The book opens in 2017 in the USA, where the Me Too movement is gathering momentum and powerful men are being outed all over the country for their abusive behaviour towards women and girls. Thirty-two year old Vanessa Wye is getting ready for work while constantly refreshing her web browser for updates as one of the recent stories shared on Facebook. The victim, Taylor, is praised for her bravery in speaking out about a teacher who assaulted her when she was fourteen. Back when the abuse happened, this teacher was cleared of any wrong doing, but the momentum of Me Too gives Taylor the hope and strength to speak out. Vanessa is obsessed with this story, because it is one she has been asked to be a part of: the teacher in question is Mr. Strane, a man who is twenty seven years her senior, a man who used to her teacher, and also the man she sees as her soul mate. She is still in touch with him.

Vanessa refuses to believe that her relationship with Strane has any part in the narrative that is being played out in the papers and on social media. She was complicit, she tells herself. She wanted it too. He loved me. He was careful with me, she insists.

When Vanessa is fourteen years old, she begs her parents to send her to Browick, a boarding school in Norumbega, Western Maine. They eventually cave in, and we first meet teenage Vanessa a year later as she begins her second year at the school. She is bruised from a fall out with her former room-mate, Jenny, her ex-best-friend who last year side-lined Vanessa in favour of her new boyfriend, Tom. Vanessa has always found it hard to make and keep friends: she is naturally a loner, an only child from a remote part of Maine who enjoys writing poetry. She also has a dark and obsessive side to her personality.

Jacob Strane is a forty-two year old English teacher at the school. Vanessa stands out in his class as talented, but he also recognises something else in Vanessa which draws him to her.

What follows is a history of Vanessa and Strane’s relationship played out across a dual timeline beginning in 2000 and ending in 2017. Vanessa is eventually forced re-examine her experiences with Strane, and has to accept that what she considered to be an exceptional love story was something far more unsettling and sordid.

Because if this isn’t a love story, what is it?

My Dark Vanessa is multi-layered and potent book, made all the more powerful as the author does not give us the stereotypical relationship of an attractive teacher and a likeable victim to explore this issue through. Instead, we have Jacob Strane and Vanessa Wye, who are unforgettable and fascinating.

Jacob Strane is not a well-liked teacher: Vanessa never finds him physically attractive, but he has a power over her, and this power lies in his words – to Vanessa, they are like a drug. He feeds her literature and poems, introduces her to Lolita by Vladimir Nabokov, a book which Vanessa becomes obsessed with, seeing herself and Strane as Lolita and Humbert. Once Strane is satisfied that he has Vanessa where he wants her, he makes his move.

Unlike most victims, Vanessa believes that this physical relationship with Strane is what she wants – he has groomed her so well she believes that she holds the power over him. This knowledge thrills her, and sets her further apart from her peers, as does the shared knowledge of their dark secret. A spikey and often unlikeable character, Vanessa is not easy to sympathise or empathise with, but none-the-less, she is a victim.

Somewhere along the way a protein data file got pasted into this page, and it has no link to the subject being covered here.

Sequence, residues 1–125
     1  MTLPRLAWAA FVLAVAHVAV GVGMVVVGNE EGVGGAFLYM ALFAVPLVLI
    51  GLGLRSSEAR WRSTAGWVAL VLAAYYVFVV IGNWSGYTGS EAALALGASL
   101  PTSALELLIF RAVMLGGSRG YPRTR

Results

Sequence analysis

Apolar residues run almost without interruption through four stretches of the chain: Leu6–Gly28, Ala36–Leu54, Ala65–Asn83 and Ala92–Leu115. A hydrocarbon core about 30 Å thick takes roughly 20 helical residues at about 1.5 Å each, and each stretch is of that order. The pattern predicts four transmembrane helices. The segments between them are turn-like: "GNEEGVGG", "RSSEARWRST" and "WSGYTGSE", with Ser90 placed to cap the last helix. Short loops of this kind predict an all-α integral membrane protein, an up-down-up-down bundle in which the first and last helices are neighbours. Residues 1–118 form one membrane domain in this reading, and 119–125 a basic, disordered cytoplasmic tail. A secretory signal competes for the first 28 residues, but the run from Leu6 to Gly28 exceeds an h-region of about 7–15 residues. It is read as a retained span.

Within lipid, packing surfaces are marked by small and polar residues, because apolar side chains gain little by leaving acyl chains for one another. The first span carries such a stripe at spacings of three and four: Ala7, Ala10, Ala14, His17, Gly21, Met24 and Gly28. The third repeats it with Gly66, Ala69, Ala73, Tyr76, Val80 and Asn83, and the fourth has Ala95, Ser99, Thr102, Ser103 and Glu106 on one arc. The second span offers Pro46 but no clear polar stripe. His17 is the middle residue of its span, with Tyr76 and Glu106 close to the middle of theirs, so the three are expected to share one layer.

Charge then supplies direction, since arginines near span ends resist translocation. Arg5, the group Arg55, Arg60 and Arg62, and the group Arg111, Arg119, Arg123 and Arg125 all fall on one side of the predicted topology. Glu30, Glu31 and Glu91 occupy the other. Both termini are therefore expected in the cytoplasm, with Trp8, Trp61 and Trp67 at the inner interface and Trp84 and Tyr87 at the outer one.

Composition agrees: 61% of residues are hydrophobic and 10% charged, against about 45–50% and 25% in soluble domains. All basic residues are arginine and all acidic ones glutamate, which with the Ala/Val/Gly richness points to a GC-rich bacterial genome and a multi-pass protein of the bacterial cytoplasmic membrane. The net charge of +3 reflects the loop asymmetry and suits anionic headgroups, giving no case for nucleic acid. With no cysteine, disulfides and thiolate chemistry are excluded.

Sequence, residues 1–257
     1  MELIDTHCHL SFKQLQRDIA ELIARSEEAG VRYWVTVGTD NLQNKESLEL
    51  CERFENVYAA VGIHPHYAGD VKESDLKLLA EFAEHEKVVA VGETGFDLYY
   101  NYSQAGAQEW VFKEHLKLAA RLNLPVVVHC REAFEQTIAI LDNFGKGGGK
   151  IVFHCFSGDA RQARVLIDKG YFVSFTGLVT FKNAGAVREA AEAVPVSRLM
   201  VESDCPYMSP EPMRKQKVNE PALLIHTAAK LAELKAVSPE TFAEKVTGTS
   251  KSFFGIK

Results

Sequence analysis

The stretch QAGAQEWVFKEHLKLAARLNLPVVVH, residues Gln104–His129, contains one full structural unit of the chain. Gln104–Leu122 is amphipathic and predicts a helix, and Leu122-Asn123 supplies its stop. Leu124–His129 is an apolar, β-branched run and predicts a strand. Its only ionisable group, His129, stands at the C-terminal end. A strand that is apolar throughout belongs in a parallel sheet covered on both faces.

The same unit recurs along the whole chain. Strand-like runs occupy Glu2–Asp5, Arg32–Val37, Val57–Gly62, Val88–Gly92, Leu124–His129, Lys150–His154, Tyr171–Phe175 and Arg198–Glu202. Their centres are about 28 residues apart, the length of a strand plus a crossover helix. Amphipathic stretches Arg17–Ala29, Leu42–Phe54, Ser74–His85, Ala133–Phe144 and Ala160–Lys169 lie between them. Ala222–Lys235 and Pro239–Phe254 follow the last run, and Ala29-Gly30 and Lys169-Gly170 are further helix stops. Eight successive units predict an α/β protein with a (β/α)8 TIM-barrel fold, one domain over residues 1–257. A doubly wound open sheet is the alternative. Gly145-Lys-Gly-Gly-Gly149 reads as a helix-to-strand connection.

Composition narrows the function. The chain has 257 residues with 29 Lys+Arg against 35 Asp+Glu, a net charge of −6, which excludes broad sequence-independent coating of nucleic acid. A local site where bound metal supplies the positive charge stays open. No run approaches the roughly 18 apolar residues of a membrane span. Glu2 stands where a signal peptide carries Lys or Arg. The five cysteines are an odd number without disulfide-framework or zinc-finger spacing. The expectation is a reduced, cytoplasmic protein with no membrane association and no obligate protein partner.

Narrated entirely in first person by Vanessa, we are given full access to the the complex layers of her personality, the confusion she feels, the conflicting emotions Strane stirs in her, the attraction and repulsion as his words lead to physical actions he makes her believe she wants. We see Vanessa alternately behaving as a child and then as someone who is aware of the power she can exert over older men, especially him.

This is a dark and unsettling story, expertly told, with characters that fascinate right up to then end. As a reader, I felt uncomfortable and infuriated at times, but for me there was enough glimmers of light to have me racing to the end. Undoubtedly, My Dark Vanessa is one of the most consuming and intense reads I have experienced – I could discuss it for hours.

I haven’t read any of the other short-listed titles for The Dylan Thomas Prize, but if they are as brilliant and compelling as My Dark Vanessa, the judges will have a very tough decision to make before announcing the winner on Thursday!

The Metal Heart by Caroline Lea

The story of true innocents caught up in the machinery of war. Exquisitely researched, beautifully told, this tiny corner of Scotland came alive for me in all of my senses.”

Mary Beth Keane, author of Ask, Again, Yes

Hello Book Lover!

The Metal Heart by Caroline Lea is out now and is published by Penguin Michael Joseph. After reading about this book earlier in the Spring, I knew there was a very good chance it would be a book for me – and thankfully my instincts were right! It’s an absolute corker!

Thank you so much to Chrissie at Michael Joseph for sending me a copy to read and review for my blog.

Synopsis:

In the dark days of World War II, an unlikely romance blossoms between a Scottish woman and an Italian prisoner of war in this haunting novel with the emotional complexity of The Boat Runner and All the Light We Cannot See–a powerful and atmospheric story of love, jealousy, and conscience that illuminates the beauty of the human spirit from the author of The Glass Woman.